xHgGrtG-show-poster2x3-aXpIxNN.png

Artbound

Start watching
Tending Nature poster 2021

Tending Nature

Start watching
IYhnPQZ-show-poster2x3-Ytk6YwX.png

Southland Sessions

Start watching
RYQ2PZQ-show-poster2x3-OGargou.jpg

Earth Focus

Start watching
5LQmQJY-show-poster2x3-MRWBpAK.jpg

Reporter Roundup

Start watching
E5VnHdZ-show-poster2x3-PrXshoo.png

City Rising

Start watching
QraE2nW-show-poster2x3-uY3aHve.jpg

Lost LA

Start watching
Member
Your donation supports our high-quality, inspiring and commercial-free programming.
Support Icon
Learn about the many ways to support KCET.
Support Icon
Contact our Leadership, Advancement and Special Events teams.

'Someone Will Contract the Virus Here:' Meet Homeless Californians Trying to Survive a Pandemic

The following article was originally published April 30, 2020, and republished through a collaboration with Cal Matters.

Story by Byrhonda Lyons

Kent Dull lives at the Here There encampment in Berkeley, California. | Cal Matters
Kent Dull lives at the Here There encampment in Berkeley, California. | Cal Matters

The vast majority of people who were unhoused in California before coronavirus swept across the state are exactly where they were. Encampments still line the streets. Shelters feel more like a risk than a refuge. And affordable housing is as elusive as ever.

Watch as they capture moments from their everyday lives — and talk about how they struggle to stay safe and healthy under circumstances that have often grown only more hazardous.

For the above mini-doc, CalMatters interviewed people experiencing homelessness. And in an unusual arrangement necessitated by unusual conditions, we compensated three as freelance videographers to film themselves going about living their lives while most Californians remain in their homes under the state’s shelter-in-place order.

“It shouldn’t take this kind of event to get homeless into hotels or homes, especially the most vulnerable,” said Kent Dull, a resident of a Berkeley housing encampment who suffers from Parkinson’s disease. “I didn’t ever want to be vulnerable or sick, but I am.”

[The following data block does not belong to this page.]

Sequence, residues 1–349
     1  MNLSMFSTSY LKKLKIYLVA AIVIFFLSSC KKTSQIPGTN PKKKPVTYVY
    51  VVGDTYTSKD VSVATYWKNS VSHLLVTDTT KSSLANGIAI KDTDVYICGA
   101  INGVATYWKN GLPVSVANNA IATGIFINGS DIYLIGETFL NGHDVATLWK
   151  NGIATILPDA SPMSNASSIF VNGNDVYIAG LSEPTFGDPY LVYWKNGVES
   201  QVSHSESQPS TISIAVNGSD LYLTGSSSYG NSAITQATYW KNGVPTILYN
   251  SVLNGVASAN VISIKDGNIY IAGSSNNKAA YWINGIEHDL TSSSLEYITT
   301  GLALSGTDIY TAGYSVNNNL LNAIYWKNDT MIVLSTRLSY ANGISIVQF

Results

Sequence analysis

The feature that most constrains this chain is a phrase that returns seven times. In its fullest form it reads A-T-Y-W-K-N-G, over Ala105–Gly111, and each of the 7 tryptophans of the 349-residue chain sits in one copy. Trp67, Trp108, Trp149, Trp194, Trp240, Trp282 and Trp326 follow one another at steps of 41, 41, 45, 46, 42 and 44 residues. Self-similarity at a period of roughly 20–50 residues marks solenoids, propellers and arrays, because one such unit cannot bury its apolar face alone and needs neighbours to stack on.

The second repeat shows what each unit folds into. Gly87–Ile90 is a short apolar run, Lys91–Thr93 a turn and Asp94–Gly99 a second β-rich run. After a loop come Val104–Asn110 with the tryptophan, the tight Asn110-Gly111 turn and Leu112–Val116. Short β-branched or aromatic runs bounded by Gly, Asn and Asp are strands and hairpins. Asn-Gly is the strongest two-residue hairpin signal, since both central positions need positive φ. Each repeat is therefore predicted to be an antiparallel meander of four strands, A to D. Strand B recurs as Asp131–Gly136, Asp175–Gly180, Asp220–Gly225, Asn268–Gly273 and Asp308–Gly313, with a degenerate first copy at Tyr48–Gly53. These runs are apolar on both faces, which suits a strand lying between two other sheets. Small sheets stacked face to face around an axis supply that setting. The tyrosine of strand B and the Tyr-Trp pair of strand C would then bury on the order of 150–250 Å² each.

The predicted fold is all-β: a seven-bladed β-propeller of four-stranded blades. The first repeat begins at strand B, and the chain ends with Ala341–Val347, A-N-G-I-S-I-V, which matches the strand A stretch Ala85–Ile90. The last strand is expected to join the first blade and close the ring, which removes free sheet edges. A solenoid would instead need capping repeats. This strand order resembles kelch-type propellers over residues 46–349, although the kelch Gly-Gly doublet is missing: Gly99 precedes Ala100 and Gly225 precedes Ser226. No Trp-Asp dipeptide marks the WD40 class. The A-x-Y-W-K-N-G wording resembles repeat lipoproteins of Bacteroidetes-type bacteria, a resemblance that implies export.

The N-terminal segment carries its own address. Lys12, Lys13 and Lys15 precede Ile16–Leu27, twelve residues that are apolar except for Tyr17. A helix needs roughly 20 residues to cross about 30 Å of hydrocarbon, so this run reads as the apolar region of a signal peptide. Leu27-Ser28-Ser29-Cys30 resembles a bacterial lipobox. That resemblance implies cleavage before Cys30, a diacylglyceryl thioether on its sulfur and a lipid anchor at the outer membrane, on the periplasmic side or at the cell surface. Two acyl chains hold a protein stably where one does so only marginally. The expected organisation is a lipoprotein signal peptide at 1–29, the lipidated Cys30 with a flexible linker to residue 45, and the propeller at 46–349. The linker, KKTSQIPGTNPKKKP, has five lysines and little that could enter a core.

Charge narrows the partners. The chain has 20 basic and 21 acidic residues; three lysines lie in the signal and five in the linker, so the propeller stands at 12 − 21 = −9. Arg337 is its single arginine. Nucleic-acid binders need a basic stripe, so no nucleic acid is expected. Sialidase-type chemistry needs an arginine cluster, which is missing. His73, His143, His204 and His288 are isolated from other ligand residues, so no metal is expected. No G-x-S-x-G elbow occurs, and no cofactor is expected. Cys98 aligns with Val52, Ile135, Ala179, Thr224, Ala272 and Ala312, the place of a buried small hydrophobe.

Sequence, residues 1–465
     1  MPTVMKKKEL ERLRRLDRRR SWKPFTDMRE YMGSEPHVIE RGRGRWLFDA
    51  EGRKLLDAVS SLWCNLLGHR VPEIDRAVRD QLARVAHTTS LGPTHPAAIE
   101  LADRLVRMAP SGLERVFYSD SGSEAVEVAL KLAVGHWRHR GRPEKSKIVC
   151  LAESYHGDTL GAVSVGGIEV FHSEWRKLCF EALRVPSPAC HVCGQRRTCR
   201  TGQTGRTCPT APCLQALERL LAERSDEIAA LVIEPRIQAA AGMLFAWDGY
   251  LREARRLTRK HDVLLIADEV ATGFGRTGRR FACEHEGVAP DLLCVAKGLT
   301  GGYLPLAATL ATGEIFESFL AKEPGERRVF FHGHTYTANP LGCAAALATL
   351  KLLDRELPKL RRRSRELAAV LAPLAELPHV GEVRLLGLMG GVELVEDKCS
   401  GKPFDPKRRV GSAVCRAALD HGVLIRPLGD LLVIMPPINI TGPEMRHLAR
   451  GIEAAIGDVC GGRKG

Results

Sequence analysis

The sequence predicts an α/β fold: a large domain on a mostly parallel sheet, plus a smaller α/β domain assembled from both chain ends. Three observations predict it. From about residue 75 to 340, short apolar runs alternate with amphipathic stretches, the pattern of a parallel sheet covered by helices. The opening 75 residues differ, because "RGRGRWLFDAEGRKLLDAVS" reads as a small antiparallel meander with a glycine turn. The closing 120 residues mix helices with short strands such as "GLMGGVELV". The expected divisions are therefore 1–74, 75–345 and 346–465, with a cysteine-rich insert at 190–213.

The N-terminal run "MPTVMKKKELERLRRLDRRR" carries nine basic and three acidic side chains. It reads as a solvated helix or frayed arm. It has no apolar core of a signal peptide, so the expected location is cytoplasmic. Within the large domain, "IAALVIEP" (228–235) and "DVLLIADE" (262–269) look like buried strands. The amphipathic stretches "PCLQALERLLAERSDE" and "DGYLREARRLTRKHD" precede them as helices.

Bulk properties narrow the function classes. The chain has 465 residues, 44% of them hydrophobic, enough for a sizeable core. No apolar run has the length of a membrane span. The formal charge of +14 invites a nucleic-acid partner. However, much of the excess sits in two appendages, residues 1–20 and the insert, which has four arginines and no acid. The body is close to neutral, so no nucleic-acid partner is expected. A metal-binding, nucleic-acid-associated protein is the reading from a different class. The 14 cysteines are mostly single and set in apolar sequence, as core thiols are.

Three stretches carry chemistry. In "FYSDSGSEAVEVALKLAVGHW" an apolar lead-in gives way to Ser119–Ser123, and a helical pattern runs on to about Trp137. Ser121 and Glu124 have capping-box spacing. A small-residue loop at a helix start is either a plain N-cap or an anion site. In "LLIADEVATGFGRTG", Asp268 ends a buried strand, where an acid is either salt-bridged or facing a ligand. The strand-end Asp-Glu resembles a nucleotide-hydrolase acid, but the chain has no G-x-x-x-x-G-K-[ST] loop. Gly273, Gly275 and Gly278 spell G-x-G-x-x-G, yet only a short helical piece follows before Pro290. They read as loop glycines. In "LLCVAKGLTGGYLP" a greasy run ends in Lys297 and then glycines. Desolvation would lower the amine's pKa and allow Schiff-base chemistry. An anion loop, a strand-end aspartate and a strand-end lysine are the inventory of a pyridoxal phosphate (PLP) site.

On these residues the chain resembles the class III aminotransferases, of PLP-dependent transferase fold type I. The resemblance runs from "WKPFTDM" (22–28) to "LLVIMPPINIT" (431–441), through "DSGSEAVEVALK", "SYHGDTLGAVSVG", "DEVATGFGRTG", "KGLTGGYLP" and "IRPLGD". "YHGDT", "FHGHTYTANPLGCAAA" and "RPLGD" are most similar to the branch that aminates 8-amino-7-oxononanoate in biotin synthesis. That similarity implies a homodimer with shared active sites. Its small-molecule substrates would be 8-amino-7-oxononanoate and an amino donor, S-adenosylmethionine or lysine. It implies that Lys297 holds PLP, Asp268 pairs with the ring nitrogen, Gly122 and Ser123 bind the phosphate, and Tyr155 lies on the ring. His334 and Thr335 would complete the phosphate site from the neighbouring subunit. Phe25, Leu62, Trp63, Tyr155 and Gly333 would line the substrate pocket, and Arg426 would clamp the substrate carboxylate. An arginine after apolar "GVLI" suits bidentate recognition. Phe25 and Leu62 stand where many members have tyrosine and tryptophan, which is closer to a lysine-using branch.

California has by far the greatest number of homeless residents of any state — the federal government last estimated their numbers at about 150,000.

Earlier this month, Gov. Gavin Newsom announced that the state would provide 15,000 hotel and motel rooms for unsheltered Californians. But those rooms aren’t for everyone — they are made available to people only if they are at a heightened risk of contracting COVID-19, or after they have tested positive for the novel coronavirus that causes it.

Nearly a month after the governor’s “Project Roomkey” announcement, only a little more than a third of those rooms are filled. 

Activists say that unless the state — unless it wants to be responsible for major outbreaks among homeless people who lack the resources to shelter safely with social distances or keep their hands germ free — should pay to put more people into the estimated 80% of hotel rooms that are now vacant.

But there are no widespread plans to do that. State officials say they worry about a surge and want to preserve many of those 15,000 rooms for homeless people after they get sick from the virus. Money is also an issue: The Trump administration will only reimburse California for hotel rooms for homeless people who fit more narrow criteria for having been directly affected by the virus. 

Some cities also are resisting. Several have legally challenged the state’s efforts, contending that impoverished people without homes also are more likely to be substance abusers or mentally ill — and would pose problems in the neighborhoods in which they would be placed.

A recent COVID-19 impact study co-authored by researchers at the University of Pennsylvania, UC Berkeley and Boston University relied on a model with a grim outlook: “homeless individuals would be twice as likely to be hospitalized, two to four times as likely to require critical care, and two to three times as likely to die” as people with homes.

Learn more about California’s homelessness crisis here.

Support Provided By
Support Provided By
Read More
Nurse Yvonne Yaory checks on a coronavirus patient who is connected to a ventilator. | Heidi de Marco/California Healthline

No More ICU Beds at the Main Public Hospital in the Nation’s Largest County as COVID Surges

As COVID patients have flooded into LAC+USC in recent weeks, they’ve put an immense strain on its ICU capacity and staff — especially since non-COVID patients, with gunshot wounds, drug overdoses, heart attacks and strokes, also need intensive care.
Vials of the Pfizer-BioNTech COVID-19 vaccine. | LAist

Your No-Panic Guide to the COVID-19 Vaccine: Is It Safe, and When Can I Get It?

Here's what we know about the COVID-19 vaccines and how they will be distributed in L.A. County.
Nurse Michael Lowman gets the first dose of the Pfizer BioNTech COVID-19 vaccine from nurse practitioner Christie Aiello at Providence St. Joseph Hospital in Orange, CA, on Dec. 16, 2020. | Jeff Gritchen/MediaNews Group/Orange County Register via Getty

Orange County Gets First Doses of COVID-19 Vaccine

A Providence St. Joseph Hospital nurse was the first person in Orange County today to be vaccinated for COVID-19, shortly followed by other health care workers.